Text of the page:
From 'The Jungle' to Dubai: Habib Ghazi's success story
When Habib Ghazi left Afghanistan in 2006 to seek asylum in the UK, he never imagined he’d be working for Virgin Mobile UAE and playing cricket in Dubai a decade later...
Some of us are better at following our dreams than others – mostly because it’s so easy to get distracted along the way. For Habib Ghazi, a merchandiser with Virgin Mobile UAE, the dream is simple: to represent his adopted country, UAE, in a national cricket tournament.
Habib has been crazy about cricket since he and his cousin Gulbadin Naib used to hop over the border from Afghanistan to Pakistan as children. Leaving behind the danger and disarray of their home town of Torkham, Habib and Gulbadin headed to the Kacha Gari refugee camp and mingled with thousands of displaced Afghans. Cricket matches were a regular feature there – many of the star players there went on to play for the Afghanistan national team – and Habib was soon hooked.
“One day, we watched a big cricket match and I completely fell in love with the sport,” remembers Habib. “I started playing and slowly, slowly, I got better.”
He trained as often as he could and, in 2006, opportunity arrived: Habib trialled for a new Afghanistan under-17 team, which was to tour Malaysia. But he was told he looked too old, and there was no way of proving his age. Even now, he’s not exactly sure how old he is.
“My aunt still insists I’m not yet 30,” he explains. “But people, when they see me, definitely think I’m older than 30 – probably because I’ve been working since I was nine years old! When you look at the Afghani national team, the players were apparently all born on January 1st, which is unlikely.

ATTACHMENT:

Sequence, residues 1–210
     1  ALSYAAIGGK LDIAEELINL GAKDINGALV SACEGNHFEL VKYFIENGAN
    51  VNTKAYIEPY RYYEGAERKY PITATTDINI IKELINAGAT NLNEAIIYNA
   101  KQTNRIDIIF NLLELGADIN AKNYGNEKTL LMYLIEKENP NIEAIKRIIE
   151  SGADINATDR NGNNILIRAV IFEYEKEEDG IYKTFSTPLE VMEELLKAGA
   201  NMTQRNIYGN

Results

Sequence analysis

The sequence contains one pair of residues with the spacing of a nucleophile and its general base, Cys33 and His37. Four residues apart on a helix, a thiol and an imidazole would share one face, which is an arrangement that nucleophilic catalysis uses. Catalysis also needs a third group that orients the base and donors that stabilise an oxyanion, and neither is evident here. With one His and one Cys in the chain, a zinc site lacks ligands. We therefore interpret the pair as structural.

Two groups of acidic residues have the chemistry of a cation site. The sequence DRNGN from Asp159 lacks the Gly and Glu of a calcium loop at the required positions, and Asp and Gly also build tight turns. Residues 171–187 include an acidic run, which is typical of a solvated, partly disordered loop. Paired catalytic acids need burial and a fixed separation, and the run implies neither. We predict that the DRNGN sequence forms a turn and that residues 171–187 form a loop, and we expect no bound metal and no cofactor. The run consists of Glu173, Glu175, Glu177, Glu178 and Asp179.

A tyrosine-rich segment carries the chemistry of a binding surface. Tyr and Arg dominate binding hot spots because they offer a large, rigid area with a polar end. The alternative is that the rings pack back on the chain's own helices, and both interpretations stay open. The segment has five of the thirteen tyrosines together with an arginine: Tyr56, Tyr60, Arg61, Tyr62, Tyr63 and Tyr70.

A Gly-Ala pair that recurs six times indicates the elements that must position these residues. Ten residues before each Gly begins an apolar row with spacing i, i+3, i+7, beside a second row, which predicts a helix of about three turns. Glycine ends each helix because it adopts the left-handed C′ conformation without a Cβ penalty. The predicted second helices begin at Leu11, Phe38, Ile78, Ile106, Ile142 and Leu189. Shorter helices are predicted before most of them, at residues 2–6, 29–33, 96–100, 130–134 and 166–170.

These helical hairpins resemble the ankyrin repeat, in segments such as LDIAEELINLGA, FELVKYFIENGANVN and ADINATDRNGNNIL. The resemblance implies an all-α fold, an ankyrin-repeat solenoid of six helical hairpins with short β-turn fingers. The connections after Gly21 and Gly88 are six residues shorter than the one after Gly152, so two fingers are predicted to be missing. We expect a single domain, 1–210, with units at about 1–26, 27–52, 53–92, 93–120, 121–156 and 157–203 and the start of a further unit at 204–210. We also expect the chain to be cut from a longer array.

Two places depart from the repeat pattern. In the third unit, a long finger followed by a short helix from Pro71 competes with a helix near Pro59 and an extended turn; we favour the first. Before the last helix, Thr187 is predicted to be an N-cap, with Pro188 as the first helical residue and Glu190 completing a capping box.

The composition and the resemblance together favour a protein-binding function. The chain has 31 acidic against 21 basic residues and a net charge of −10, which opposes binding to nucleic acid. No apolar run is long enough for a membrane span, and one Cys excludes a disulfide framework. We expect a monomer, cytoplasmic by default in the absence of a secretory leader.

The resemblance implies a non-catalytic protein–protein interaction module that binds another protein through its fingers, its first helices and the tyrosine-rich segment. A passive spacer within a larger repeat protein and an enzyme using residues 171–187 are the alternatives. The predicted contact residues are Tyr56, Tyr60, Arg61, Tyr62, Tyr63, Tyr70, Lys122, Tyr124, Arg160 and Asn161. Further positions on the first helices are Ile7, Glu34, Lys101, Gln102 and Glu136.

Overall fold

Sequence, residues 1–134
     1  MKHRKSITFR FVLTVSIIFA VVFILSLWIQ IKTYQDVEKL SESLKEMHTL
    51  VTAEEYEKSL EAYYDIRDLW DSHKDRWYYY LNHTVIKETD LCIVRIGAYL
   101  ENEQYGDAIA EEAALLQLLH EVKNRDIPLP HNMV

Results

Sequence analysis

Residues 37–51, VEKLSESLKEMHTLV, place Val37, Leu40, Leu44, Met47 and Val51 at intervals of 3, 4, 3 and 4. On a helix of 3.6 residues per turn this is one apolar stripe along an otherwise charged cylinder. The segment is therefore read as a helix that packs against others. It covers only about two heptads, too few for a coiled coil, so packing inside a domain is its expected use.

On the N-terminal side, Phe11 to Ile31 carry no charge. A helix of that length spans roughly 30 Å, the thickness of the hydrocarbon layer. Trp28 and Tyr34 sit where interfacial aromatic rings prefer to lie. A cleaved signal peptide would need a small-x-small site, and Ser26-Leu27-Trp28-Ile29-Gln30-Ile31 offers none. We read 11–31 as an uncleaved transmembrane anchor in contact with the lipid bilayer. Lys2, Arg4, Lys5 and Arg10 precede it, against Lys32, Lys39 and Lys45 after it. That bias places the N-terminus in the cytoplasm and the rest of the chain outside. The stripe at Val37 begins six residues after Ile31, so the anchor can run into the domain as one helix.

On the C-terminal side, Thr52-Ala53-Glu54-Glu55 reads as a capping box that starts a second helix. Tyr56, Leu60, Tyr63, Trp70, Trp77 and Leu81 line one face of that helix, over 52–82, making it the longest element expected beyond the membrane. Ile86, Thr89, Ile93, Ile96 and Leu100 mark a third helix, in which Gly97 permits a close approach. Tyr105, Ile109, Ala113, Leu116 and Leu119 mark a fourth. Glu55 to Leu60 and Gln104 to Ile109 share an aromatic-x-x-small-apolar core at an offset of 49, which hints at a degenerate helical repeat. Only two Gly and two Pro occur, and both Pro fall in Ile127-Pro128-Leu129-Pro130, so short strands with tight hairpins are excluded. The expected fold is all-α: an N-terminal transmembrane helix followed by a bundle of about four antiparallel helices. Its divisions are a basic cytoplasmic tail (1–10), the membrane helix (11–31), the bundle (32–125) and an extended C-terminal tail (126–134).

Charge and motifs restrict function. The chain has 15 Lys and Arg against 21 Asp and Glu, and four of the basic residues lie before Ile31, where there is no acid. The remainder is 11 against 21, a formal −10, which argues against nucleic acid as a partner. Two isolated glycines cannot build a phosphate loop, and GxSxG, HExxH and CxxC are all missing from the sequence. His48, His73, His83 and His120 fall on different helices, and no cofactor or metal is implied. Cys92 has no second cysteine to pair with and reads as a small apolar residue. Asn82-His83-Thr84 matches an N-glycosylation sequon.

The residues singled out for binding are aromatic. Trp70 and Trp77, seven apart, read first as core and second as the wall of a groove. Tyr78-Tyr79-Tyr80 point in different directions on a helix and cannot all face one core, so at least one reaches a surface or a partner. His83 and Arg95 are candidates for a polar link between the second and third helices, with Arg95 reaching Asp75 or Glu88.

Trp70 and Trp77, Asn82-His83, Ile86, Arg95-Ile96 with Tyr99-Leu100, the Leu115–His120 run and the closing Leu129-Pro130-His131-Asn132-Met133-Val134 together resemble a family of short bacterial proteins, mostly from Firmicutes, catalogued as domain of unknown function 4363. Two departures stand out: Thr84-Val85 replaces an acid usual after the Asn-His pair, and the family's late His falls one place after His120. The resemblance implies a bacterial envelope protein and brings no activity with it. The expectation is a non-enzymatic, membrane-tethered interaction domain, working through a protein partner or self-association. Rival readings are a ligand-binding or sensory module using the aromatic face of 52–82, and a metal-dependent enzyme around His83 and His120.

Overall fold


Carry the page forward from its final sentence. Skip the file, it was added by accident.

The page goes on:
Faced with rejection by his beloved sport and the growing unrest in Afghanistan, Habib made a decision that took him on a harrowing journey via Pakistan, Iran, Turkey, Greece and Italy to Scotland, where he sought asylum. On the way, he also spent a short time at the refugee camp in Calais, France that was known as ‘The Jungle’ until its destruction in 2016.
Living in Scotland left Habib with fond memories of its people, especially Glasgow, where he studied and played cricket, and Edinburgh, where he would love to live again. “I will never forget Scotland; I learned so much there,” says Habib. “The people of Glasgow made me feel so welcome, and they helped me to find cricket teams to train with.”
In 2010, Habib was on the move again, returning to Afghanistan at a time when cricket was becoming popular. He got a job across the border in Peshawar, worked hard and was able to save for a flight to Dubai to meet friends from Scotland’s national cricket team. Once there, he realised UAE could be the place where his cricket playing ambitions could be realised.
Achieving something great makes you feel so much stronger, so it’s worth persevering
Today, Habib is living and working in Dubai and playing cricket as often as he can. His job as a Virgin Mobile merchandiser gets him out and about, which he enjoys: “We meet some very interesting people, which is the best part of the job. It can be very busy, but because we also deliver some training on the mobile app, we get to spend time in the stores, too.”
He loves living in Dubai because he feels safe. “Obviously, Afghanistan is my home country and I would love to live there again, but I don’t think it will ever happen,” he says. “Afghanistan is still very dangerous and I’ve become used to living with Western culture.”
Habib’s cousin Gulbadin is now a successful all-rounder on the Afghani national team, and Habib still dreams of bowling at a national level. He came close for a second time in 2015: “My visa ran out and I had to go back to Afghanistan,” he says. “I was only supposed to be away for a week, but I ended up stuck there for three months, so I missed the UAE team trials.
“I haven’t given up yet,” says Habib. “In life, there are always ups and downs. But achieving something great makes you feel so much stronger, so it’s worth persevering. Work hard and don’t let life destroy your dreams.”